A half dozen renewable energy projects in Western New York will receive state funding through a program aimed at reducing New York’s dependence on fossil fuels.
The projects are among 17 facilities statewide that will receive payments through the state’s Renewable Portfolio Standard, which aims to boost the percentage of the state’s electricity supply coming from renewable sources to 30 percent by 2015.
The 17 projects will share in a pool of $191 million in state funding, funneled through the New York State Energy Research and Development Authority. State officials declined to say how much each project will receive, citing competitive reasons, but said the funding will average about $20 per megawatt-hour of production.
The Western New York projects selected to receive funding include:
• Stony Creek Wind Farm in the Town of Orangeville in Wyoming County, which will include up to 59 wind turbines. The project is expected to have an annual output of 284,000 megawatt-hours of electricity, a NYSERDA spokesman said.
• Allegany Wind Farm in Great Valley in Cattaraugus County, which is expected to produce 139,000 megawatthours of electricity a year.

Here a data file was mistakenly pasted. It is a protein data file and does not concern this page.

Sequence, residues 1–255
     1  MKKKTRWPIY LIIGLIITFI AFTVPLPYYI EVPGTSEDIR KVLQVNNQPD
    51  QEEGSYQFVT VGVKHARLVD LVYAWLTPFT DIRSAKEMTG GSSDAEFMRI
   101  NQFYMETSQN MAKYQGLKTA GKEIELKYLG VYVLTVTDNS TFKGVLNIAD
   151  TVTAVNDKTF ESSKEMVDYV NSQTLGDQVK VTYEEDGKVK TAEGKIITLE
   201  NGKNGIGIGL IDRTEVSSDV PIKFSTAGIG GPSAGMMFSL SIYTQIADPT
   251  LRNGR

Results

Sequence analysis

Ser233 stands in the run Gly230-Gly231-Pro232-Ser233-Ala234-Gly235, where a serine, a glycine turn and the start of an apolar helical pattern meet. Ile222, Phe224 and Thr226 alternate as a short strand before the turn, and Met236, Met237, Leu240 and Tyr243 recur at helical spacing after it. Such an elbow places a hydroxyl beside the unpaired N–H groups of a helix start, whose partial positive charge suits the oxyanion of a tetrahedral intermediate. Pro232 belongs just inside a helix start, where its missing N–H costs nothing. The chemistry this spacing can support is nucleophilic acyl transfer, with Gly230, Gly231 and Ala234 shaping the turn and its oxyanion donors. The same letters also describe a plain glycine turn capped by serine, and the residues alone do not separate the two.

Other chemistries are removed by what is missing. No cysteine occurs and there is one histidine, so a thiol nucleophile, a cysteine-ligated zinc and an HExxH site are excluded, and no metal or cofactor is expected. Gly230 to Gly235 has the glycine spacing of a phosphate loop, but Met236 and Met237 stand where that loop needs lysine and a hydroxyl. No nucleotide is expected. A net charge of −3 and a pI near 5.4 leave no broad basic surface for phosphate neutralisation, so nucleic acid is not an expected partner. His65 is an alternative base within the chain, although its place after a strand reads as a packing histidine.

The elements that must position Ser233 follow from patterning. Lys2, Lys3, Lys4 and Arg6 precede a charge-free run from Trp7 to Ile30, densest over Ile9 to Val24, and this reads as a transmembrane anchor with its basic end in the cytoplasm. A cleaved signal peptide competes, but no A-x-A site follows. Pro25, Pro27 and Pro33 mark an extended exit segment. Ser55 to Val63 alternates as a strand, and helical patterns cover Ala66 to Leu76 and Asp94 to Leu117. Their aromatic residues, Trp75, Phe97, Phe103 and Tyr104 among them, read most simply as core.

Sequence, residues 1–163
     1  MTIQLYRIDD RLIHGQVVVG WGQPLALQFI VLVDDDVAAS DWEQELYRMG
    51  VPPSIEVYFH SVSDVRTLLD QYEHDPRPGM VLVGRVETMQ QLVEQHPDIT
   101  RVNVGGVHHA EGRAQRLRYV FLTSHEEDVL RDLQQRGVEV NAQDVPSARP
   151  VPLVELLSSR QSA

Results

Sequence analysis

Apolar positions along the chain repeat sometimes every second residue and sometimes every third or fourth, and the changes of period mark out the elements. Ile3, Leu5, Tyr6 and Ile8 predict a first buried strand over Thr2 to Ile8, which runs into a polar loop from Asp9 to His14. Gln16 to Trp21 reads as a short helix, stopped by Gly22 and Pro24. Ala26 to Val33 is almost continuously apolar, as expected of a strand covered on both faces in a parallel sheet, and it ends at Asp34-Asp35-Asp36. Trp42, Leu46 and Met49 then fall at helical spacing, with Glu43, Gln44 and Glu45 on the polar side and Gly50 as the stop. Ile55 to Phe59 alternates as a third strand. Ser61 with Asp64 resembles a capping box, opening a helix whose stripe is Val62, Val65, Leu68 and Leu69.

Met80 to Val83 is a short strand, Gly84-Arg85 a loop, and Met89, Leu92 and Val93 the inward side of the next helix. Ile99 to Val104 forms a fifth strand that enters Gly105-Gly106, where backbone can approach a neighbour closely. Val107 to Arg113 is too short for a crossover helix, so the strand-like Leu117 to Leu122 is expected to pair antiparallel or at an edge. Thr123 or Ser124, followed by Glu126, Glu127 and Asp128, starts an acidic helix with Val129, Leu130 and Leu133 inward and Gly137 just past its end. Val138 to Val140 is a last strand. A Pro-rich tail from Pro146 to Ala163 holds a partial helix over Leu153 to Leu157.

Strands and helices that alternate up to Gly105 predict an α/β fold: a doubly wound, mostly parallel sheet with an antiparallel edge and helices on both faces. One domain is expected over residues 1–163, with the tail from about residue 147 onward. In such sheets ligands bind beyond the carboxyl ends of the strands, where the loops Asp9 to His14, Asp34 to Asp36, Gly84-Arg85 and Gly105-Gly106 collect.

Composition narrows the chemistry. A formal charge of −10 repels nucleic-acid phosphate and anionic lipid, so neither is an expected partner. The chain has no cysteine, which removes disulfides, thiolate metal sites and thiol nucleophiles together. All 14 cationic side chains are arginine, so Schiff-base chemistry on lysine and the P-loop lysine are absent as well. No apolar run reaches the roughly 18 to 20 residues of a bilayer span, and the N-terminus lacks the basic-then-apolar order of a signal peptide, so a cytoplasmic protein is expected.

• A project to repower the Wiscoy hydroelectric plant in Allegany County, which is expected to generate 18,100 megawatt-hours of electricity annually.
• The Hyland landfill gas facility in Angelica in Allegany County, which is expected to produce 18,100 megawatthours of electricity a year.
• A county-run landfill gas project at the Chautauqua County landfill in Jamestown, which is expected to generate 16,800 megawatt-hours of power annually.
• A landfill gas project at Modern Disposal’s waste facility in Youngstown, which is projected to produce 24,000 megawatt-hours of electricity a year.
In all, the 17 projects across the state will add 315 megawatts of renewable capacity to New York’s overall electricity generating capacity. Those plants are expected to generate about 1 million megawatt-hours of electricity per year, enough to supply about 145,000 homes.
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